an optical detector, operatively connected to said optical fiber, detecting a portion of the transmitted optical signal power near said the second end of said optical fiber; and
a controller operatively connected to said optical detector, said controller arranged to cause said transmitter to lower the power of the transmitted optical signal to a predetermined level if a parameter based on said portion detected by said optical detector is less than a first threshold value, said controller not operatively connected to said transmitter as to receive information about the power of the optical signal near said first end of said optical fiber.
8. The apparatus of claim 7, wherein said controller is arranged to cause said transmitter to lower the power of the transmitted optical signal to said predetermined level if a parameter based on said detected portion is one of less than a first threshold and greater than a second threshold value.
9. The apparatus of claim 7, further comprising:
a laser arranged to generate the transmitted optical signal.
10. The apparatus of claim 7, further comprising:
a second optical fiber having one end optically connected to said optical detector and having another end optically connected to said optical fiber near the second end of said optical fiber, said second fiber carrying said detected portion to said detector.
11. The apparatus of claim 10, wherein said second optical fiber is connected to said optical fiber by an optical tap.
12. An apparatus for controlling a power level of an optical signal transmitted in an optical fiber, comprising:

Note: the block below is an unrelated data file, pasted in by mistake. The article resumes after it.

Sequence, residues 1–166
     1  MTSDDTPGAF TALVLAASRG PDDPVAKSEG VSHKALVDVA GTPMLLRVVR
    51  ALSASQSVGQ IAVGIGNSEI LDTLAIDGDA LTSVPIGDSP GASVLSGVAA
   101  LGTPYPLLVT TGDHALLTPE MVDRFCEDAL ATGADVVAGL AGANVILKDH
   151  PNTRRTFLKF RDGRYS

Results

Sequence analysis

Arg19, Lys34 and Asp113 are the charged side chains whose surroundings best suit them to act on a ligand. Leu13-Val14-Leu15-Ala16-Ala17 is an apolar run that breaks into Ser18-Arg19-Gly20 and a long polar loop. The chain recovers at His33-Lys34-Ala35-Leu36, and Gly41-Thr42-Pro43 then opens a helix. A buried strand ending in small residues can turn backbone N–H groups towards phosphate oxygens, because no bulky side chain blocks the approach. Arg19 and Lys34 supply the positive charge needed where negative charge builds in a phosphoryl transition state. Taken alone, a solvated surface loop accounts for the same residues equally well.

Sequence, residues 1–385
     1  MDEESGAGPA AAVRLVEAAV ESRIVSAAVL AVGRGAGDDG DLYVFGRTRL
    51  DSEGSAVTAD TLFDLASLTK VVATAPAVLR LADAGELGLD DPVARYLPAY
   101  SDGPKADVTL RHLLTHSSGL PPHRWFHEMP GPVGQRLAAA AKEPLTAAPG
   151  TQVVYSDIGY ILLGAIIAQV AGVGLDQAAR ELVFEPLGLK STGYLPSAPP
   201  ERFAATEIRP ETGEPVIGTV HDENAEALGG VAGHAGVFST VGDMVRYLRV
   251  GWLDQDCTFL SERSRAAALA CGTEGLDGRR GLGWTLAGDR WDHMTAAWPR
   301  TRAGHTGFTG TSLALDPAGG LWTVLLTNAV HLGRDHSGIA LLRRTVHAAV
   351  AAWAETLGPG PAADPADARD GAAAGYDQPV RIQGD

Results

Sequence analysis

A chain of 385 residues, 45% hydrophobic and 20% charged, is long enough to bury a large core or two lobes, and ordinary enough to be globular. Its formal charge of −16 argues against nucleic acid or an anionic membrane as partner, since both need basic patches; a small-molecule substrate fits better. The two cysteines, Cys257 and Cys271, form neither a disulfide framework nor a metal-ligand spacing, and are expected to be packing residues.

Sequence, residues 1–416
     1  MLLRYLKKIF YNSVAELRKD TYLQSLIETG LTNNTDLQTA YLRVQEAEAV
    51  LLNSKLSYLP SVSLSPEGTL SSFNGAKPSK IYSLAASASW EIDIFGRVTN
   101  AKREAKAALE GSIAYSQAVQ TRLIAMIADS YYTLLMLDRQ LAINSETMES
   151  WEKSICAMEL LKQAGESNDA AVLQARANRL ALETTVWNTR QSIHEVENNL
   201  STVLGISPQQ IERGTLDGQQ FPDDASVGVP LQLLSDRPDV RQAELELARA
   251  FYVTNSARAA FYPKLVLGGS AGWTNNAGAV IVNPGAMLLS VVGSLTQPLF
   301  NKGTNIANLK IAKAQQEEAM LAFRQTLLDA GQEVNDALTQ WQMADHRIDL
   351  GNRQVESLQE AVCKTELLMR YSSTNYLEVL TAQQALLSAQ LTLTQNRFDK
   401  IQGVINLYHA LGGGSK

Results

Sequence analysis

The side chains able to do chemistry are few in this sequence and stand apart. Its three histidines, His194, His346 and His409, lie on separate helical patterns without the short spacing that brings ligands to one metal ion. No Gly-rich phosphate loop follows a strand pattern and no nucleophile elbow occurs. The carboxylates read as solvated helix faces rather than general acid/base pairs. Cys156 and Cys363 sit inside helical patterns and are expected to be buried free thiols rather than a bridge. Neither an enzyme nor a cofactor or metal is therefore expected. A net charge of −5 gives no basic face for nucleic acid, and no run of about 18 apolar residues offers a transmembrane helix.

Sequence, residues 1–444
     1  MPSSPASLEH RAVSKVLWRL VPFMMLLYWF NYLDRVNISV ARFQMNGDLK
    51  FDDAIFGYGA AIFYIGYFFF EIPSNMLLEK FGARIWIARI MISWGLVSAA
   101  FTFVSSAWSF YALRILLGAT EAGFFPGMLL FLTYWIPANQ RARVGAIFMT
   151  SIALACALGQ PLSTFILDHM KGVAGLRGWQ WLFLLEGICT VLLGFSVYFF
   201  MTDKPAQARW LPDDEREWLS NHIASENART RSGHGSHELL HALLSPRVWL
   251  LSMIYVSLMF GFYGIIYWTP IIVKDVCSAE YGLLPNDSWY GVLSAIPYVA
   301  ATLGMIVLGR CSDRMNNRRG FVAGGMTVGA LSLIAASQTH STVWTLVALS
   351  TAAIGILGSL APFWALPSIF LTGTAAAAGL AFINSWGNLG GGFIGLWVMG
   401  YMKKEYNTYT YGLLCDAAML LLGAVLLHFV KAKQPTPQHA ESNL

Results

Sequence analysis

an optical splice to tap off a portion of the optical signal from the optical fiber;
a controller operatively connected to the optical splice to measure a power level of the tapped portion of the optical signal and to control a transmitter to lower the power level of the transmitted optical signal if the measured power level is below a threshold.
Description
FIELD OF THE INVENTION

The present invention relates to controlling power levels of optical signals, and more particularly to controlling power levels of optical signals in optical fibers.

BACKGROUND OF THE INVENTION

Optical fibers are often used in conjunction with high power lasers, such as for laser welding and cutting, or medical applications, and the art has developed approaches for enhancing the safety of these systems. For example, U.S. Pat. No. 4,449,043 to Husbands discloses a safety device for a high power fiber optic system, which may present a hazard when an optical connector is unmated. The safety device includes a four-port optical coupler which transmits, to a receiver, a portion of the output power, as well as backscattered energy, which is developed between the glass-to-air and air-to-glass interfaces between adjacent connectors. A comparison between the output power and the backscattered energy is used to disable the laser source when an unmated condition is detected.

U.S. Pat. No. 4,543,477 to Doi et al. discloses a safety device for a medical laser wherein reflected laser light is detected from the exit end surface of a fiber and a shutter is used to stop the laser if a breakage of the fiber is detected. Ortiz Jr., in U.S. Pat. No. 4,812,641, discloses a high power laser for material processing and includes respective photodetectors to sense the laser power exiting a power optical fiber and the laser injection power. The two power levels are compared to detect whether a break in the power transmitting fiber has occurred. U.S. Pat. No. 4,673,795, also to Ortiz Jr., discloses an interlock safety arrangement which includes an optical sensor connected to the controller for turning the laser off when the laser beam has turned on but laser energy does not reach a remote module, indicating a break in the high power transmitting optical fiber.